For diesel engine users, temperature control is a bigger concern than ever as engine makers wrestle with meeting Tier 3 and 4 emissions requirements. While electric fans, clutches, or variable pitch blading can do the job, hydraulic motors are stepping in more often to handle it. Using sophisticated controllers that provide temperature control within a narrow range, hydraulics are cooling diesels and using fewer watts in the process. Here is a look at a few applications of these hydraulic fan systems.
Mobile blasthole driller
A 565 hp Caterpillar six-cylinder diesel powers this big rig, both in transit and at the drill site. Parker Hannifin supplies a piston pump, hydraulic motor, and a DFC-2 fan drive controller. Reichdrill says the hydraulic fan drive has helped reduce overall fan power use by some 40 percent, which, on some of the company's largest rigs can be as much as 70 hp. The hydraulic motor can run the fan at a speed independent of engine rpm and takes temperature data from engine coolant and an air compressor discharge sensor. Parker uses cast iron in its hydraulic fan motors, not aluminum, based on the material's ability to better stand the high temperatures and pressure of today's diesel engine cooling systems. For a brochure on Parker Hannifin fan drive systems, visit http://rbi.ims.ca/4398-520.
The Eaton electro-hydraulic fan drive systems are designed for rear engine bus and recreational vehicles, mobile construction equipment, and agricultural machines. The systems use a variable displacement piston pump, a hydraulic motor, and an optional two channel amplifier which can accept analog and digital inputs. The simplest system dispenses with the two channel amp, and relies on the engine control module to direct a proportional valve on the pump. For engines without ECMs, a two channel amp can be configured to manage a number of operating conditions, such as running with or without air conditioning. A third system uses the two channel amp in consort with the engine control module to provide a fail-safe mode and the ability to communicate with sensors that reside outside the ECM loop. For a brochure describing Eaton hydraulic fan systems, visit http://rbi.ims.ca/4398-521.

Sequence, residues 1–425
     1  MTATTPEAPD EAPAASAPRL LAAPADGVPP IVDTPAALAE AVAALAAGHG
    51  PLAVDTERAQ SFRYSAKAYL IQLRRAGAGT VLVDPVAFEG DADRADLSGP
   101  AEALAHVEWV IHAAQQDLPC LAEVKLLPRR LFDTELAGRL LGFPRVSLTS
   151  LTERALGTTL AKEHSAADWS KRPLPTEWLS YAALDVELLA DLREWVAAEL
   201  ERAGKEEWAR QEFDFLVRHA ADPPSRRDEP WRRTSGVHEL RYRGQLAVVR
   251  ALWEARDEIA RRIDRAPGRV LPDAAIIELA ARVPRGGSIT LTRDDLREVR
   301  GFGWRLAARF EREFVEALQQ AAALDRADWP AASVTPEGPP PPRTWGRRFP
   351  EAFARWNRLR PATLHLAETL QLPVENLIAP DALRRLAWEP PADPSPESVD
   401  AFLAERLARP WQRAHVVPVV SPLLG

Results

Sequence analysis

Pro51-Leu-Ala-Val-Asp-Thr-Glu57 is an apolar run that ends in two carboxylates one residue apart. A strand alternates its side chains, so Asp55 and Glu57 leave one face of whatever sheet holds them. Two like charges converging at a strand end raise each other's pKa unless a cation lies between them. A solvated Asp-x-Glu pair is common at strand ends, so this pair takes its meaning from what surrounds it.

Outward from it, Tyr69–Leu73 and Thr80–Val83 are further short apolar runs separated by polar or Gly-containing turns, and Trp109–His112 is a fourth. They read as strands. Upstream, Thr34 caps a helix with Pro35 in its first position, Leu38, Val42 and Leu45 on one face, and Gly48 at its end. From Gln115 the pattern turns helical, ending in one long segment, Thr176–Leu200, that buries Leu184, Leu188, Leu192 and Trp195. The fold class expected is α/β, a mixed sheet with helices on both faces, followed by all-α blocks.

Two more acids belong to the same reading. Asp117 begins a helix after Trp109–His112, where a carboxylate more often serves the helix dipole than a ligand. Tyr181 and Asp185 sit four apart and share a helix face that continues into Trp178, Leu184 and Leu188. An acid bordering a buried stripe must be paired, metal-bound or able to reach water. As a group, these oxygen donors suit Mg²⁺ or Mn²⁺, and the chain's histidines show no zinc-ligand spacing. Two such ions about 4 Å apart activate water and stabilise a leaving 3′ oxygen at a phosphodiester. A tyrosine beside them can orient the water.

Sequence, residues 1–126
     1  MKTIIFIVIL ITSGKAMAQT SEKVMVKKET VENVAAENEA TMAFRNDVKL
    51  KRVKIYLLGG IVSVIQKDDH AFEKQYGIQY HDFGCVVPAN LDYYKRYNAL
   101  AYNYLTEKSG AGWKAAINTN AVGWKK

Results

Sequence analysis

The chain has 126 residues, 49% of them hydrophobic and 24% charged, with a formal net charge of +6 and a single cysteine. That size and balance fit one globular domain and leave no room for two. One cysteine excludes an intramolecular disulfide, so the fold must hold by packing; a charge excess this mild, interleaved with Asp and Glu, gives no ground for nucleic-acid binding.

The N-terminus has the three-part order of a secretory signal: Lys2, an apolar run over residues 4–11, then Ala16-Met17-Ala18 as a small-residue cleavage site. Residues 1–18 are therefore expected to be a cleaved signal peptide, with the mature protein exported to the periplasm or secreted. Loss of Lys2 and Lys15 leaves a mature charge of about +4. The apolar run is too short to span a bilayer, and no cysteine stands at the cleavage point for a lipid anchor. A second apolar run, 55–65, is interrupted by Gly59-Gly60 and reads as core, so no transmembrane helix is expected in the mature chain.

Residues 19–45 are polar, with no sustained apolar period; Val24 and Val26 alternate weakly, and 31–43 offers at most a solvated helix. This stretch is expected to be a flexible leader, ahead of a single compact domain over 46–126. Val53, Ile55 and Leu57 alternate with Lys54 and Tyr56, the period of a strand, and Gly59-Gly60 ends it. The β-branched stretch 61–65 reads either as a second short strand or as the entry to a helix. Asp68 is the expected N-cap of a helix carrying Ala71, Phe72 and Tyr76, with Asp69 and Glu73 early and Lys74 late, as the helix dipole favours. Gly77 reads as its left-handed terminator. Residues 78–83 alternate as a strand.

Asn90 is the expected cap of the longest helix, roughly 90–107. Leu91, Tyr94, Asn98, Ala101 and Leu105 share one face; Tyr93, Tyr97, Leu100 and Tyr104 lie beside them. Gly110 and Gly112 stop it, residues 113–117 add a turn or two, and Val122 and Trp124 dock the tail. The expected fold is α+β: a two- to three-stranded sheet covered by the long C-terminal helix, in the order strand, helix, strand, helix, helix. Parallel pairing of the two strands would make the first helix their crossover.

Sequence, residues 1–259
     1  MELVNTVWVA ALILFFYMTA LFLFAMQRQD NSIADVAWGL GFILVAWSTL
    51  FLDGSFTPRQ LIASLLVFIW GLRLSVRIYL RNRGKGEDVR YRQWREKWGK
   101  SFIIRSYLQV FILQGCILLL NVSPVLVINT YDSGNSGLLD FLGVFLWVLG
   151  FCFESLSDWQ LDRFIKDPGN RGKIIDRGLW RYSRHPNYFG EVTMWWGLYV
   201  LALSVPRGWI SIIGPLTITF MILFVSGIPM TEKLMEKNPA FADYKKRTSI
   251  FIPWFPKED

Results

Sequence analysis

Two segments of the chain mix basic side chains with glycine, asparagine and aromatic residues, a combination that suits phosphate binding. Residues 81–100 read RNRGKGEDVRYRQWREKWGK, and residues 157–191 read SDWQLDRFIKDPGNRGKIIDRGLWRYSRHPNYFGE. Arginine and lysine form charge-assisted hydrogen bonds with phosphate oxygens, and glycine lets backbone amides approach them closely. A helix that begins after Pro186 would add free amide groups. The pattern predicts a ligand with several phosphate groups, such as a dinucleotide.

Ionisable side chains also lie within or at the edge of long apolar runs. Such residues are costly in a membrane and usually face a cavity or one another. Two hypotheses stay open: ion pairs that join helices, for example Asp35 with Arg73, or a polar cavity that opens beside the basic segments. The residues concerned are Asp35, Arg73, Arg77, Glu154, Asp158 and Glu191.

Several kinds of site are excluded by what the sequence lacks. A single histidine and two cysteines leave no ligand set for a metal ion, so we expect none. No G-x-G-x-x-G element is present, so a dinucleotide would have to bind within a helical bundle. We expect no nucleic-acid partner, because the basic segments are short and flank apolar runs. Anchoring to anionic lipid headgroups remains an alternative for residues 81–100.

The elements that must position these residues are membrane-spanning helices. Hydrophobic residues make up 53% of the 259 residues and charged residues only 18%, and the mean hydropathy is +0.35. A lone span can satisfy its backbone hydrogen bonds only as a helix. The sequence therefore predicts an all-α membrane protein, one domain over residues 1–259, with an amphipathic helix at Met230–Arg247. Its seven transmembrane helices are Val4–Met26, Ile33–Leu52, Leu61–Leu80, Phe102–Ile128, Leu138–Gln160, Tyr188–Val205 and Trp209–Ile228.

Hydrostatic fan drives have been around for a least a decade, according to Don Fisher, director of gear products for the Bosch Rexroth mobile division. But pending government regulation of emissions for heavy construction vehicles has diesel engine makers and mobile equipment OEMs looking at them anew. In Europe, where fuel costs have been higher than in the U.S., transit buses already use hydrostatic fans to boost efficiency, Fisher says. Bosch-Rexroth systems grow in complexity from basic gear pump-motor combinations with thermal relief valves to sophisticated variable speed axial piston pumps and motors that use no reservoirs and employ full electronic controls. System size has some influence on selection, with pricing starting around that of belt/clutch systems and rising from there. The biggest advantages for any system are the way it can reside separately of engine location and the way it can relieve heat independent of engine speed. For a brochure on Bosch Rexroth hydraulic fan drives, go to http://rbi.ims.ca/4398-522.